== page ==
You can translate this point into your resolutions by making an actual list of ways you can live each day to its fullest – communications you want to be better at, people you want to show more affection towards, and must-dos just to say you did them.  Break it down into attainable steps if necessary.  For example:

  • Call Aunt Mary every week
  • Date nights every Wednesday with my spouse – arrange regular baby-sitting
  • Contact travel agency and book cruise

Try to maintain a sense of urgency about what matters to you most. If you don’t make it a priority and treat it like you might not have many more chances to do it, it might not get done.

2. Make a difference in someone else’s life

Will your co-worker or child’s teacher or the cashier at the store be glad for an encounter with you?  Be the type of person that others look to for cheer after a challenging day.  Bring a smile to the faces of others.  There is nothing like giving of yourself to give to yourself – knowing that the life of another is richer because of your purposeful actions or gifts is indescribably rewarding.

To make this happen in real life, do something unexpected and spontaneous, resolve to treat people with respect, send thank-you notes, smile at strangers, send cookies to your spouse’s office, and offer an encouraging word to your buddy at community basketball who can never make a shot in the basket.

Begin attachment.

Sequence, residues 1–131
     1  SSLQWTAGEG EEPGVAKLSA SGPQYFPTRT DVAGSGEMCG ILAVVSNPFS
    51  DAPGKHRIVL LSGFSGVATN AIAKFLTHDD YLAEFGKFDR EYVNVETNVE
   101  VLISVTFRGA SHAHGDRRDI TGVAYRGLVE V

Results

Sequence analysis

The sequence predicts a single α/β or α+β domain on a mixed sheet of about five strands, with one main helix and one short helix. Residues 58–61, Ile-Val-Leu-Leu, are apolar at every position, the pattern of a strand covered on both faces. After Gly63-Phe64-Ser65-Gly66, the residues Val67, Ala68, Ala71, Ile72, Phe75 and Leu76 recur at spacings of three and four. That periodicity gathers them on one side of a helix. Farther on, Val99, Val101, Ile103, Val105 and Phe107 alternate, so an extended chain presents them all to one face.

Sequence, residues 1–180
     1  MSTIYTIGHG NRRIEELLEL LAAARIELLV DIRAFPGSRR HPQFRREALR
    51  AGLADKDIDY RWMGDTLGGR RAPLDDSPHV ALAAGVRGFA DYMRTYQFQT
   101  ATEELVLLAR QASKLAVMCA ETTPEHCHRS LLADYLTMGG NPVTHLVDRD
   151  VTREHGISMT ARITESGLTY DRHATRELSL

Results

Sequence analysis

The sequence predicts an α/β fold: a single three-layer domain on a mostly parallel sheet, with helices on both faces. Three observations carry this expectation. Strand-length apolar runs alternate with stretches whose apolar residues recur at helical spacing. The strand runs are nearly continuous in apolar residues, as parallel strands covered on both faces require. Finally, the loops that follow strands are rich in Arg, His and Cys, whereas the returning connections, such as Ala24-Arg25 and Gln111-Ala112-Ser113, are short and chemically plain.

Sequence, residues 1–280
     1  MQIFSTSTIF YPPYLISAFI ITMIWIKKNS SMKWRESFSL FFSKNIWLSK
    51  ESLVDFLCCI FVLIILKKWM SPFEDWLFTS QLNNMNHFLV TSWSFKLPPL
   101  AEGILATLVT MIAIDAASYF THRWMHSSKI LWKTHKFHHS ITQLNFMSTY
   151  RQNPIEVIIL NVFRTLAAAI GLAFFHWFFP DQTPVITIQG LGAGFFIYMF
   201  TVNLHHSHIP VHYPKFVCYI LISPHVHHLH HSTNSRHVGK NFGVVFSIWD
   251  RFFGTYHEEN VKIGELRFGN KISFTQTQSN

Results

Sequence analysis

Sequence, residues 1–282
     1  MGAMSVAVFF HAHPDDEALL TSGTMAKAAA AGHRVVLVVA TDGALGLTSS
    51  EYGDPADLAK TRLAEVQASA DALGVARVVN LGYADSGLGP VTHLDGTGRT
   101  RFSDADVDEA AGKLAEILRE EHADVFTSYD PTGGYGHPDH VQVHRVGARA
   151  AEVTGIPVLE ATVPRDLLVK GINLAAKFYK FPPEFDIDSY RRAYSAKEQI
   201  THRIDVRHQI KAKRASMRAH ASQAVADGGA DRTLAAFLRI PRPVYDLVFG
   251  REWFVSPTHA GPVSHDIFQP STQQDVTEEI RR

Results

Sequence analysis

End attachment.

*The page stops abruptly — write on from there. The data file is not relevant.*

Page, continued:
3. Live a life of gratitude

Being thankful for what you have will solidify the positive feelings within. Even at times when you really need to be intentional about finding an element of your life for which you are grateful, it is worth making the effort to do so.  We have all encountered people who are both happy and grateful and it is easy to assume that they are grateful because they are happy.  I think it is the other way around – happiness is the result of gratitude, not the cause of it.

On paper, resolutions of gratefulness can look like a simple list:

  • My boss is a tough cookie, but I have a job
  • My mom can be critical, but I know she loves me